Rodney A. Smolla, President, Furman University
October 12, 2011

In Perfect 10, Inc. v. Google, Inc.,1. the Internet search engine giant Google managed to score a victory against a company known as “Perfect 10,” a company that created and copyrighted photographic images of nude models for commercial distribution.  Perfect 10 originally featured the nude photos in a magazine, but it went defunct.  It then turned to a password-protected, paid-subscription website.

Perfect 10 sued Google for copyright infringement, arguing that Google’s various services, including its automated software program web crawler, effectively enabled would-be paying customers to view Perfect 10’s salacious images for free, there by violating Perfect 10’s copyright interests and ruining its business model.  Seeking the tremendous litigation and settlement leverage that would result from a preliminary injunction against Google, Perfect 10 argued that it was entitled to a preliminary injunction against Google barring it from continuing to display images over which Perfect 10 possessed the copyright.

The U.S. Court of Appeals for the Ninth Circuit, however, rejected Perfect10’s argument, and sided with Google.  The Ninth Circuit applied the ruling in eBay Inc. v. MercExchange, L.L.C.,2. in which the Supreme Court held that an injunction in a patent infringement case may issue only in accordance with “traditional equitable principles,” admonishing courts to avoid mechanical presumptions or categorical rules.  The Ninth Circuit held that Perfect 10 failed to establish the existence of “irreparable harm,” a traditional threshold predicate for preliminary equitable relief.  The Ninth Circuit held that the claim that Google had caused Perfect 10 financial ruin was not persuasive, since it was quite possible that Perfect 10 was heading for ruin on its own.

While Perfect 10 did appear to be teetering on the verge of bankruptcy, the court noted, that teetering was not necessarily based on anything Google had done.  Perfect 10 lost money from its inception, the court pointed out, and appeared to have never gained its initial loses back.  Moreover, the court noted, it appeared that other Internet search engines, such as Yahoo! and MSN, may also have contributed to making Perfect 10’s images of naked women available for free viewing.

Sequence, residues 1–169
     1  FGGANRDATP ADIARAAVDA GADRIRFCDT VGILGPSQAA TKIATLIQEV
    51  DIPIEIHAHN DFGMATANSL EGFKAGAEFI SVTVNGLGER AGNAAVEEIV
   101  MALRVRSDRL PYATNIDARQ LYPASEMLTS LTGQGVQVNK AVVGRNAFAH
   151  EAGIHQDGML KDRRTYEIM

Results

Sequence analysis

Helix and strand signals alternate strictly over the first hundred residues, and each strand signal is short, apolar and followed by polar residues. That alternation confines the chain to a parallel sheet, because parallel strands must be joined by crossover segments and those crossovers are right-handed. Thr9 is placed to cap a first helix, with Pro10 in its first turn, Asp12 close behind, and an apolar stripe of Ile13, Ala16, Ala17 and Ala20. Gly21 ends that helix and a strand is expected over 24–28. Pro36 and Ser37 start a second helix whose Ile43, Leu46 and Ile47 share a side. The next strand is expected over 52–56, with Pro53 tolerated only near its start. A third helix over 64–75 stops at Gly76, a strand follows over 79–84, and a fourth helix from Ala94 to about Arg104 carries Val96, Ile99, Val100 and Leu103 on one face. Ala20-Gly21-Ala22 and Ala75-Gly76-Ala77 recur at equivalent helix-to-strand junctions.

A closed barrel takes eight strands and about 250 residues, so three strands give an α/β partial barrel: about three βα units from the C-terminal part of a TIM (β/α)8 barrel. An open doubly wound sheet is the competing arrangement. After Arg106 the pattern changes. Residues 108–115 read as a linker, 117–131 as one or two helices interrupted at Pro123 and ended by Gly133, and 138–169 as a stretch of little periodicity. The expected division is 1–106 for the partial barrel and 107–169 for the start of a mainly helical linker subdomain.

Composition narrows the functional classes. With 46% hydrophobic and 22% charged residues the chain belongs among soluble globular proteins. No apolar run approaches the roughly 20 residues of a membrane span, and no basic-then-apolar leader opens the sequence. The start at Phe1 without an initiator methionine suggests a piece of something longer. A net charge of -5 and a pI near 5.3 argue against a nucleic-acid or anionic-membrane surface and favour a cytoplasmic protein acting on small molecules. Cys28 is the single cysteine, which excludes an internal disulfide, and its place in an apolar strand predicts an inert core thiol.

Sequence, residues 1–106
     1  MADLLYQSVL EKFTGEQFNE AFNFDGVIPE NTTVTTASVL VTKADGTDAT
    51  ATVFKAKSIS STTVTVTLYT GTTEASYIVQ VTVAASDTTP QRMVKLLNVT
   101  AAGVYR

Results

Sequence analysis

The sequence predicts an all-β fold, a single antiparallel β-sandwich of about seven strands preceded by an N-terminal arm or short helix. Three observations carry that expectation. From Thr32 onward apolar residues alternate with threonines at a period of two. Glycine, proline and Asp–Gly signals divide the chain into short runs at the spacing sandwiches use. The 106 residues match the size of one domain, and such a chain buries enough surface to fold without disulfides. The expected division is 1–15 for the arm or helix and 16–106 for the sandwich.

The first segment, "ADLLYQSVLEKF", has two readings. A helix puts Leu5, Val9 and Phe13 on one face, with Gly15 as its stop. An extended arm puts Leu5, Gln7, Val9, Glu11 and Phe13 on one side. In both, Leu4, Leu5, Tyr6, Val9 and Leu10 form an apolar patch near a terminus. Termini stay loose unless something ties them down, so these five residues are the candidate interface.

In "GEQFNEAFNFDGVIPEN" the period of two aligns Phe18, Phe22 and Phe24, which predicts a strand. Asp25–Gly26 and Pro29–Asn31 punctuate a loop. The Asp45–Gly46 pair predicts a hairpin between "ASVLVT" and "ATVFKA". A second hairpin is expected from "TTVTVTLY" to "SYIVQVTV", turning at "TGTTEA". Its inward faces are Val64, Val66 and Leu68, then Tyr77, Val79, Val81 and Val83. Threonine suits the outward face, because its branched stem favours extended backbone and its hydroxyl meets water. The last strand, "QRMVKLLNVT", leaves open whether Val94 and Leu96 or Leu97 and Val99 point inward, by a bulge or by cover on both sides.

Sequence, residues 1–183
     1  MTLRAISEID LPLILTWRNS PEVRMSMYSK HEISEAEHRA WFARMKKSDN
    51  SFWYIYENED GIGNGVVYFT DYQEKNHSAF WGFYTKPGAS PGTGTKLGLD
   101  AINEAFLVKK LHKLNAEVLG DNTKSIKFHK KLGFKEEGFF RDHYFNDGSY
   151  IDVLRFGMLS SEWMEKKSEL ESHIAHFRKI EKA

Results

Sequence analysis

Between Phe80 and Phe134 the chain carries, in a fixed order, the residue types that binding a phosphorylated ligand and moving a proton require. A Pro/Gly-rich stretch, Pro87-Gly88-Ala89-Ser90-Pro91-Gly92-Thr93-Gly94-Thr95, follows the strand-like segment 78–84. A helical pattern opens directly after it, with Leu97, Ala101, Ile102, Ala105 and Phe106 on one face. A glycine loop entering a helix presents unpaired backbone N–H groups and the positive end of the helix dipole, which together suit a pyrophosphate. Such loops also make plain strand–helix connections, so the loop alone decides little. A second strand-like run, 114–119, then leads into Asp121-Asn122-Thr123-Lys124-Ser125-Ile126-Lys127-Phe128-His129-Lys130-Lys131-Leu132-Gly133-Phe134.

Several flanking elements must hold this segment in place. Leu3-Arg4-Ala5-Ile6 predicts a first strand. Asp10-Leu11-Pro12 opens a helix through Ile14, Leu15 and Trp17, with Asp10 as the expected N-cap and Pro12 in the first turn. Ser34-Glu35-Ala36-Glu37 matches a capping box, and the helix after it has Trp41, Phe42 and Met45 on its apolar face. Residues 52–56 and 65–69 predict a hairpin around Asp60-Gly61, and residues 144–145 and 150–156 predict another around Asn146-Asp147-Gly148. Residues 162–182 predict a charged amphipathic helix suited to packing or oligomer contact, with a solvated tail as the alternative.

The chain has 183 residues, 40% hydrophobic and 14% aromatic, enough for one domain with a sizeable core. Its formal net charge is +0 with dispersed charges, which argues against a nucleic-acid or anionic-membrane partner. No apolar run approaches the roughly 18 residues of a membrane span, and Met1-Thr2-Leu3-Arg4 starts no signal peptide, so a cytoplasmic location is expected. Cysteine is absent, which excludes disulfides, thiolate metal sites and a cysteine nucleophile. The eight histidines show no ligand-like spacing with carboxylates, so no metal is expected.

The bottom line, as the court saw it, was that injunctions in copyright infringement cases should no longer be treated as qualifying for automatic preliminary injunctive relief merely upon a colorable showing that a plaintiff’s copyright interests have been violated.  Under the Ninth Circuit’s reasoning, when the underlying business model of the plaintiff appears suspect, the plaintiff will be hard pressed to establish the “irreparable harm” now required under general principles of equity, since the underlying weakness of the plaintiff’s business may render it impossible for the plaintiff to establish that it would have been a going financial concern even in the absence of the defendant’s alleged copyright violation.

Plaintiffs may complain, with some plausibility, that there is a Catch 22 quality to this regime.  A plaintiff cannot prevail in its request for a preliminary injunction if it cannot show that what would otherwise have been economic strength has been diminished by the defendant’s alleged infringement.  The plaintiff may be unable to make this case, however, precisely because the actions of the defendants have rendered its business model intrinsically weak.

For plaintiffs, a Catch-22.  For defendants, nice work if you can get it.

1. __ F.3d __, 2011 WL 3320297 (9th Cir. 2011).
2. 547 U.S. 388, 126 S. Ct. 1837, 164 L. Ed. 2d 641 (2006).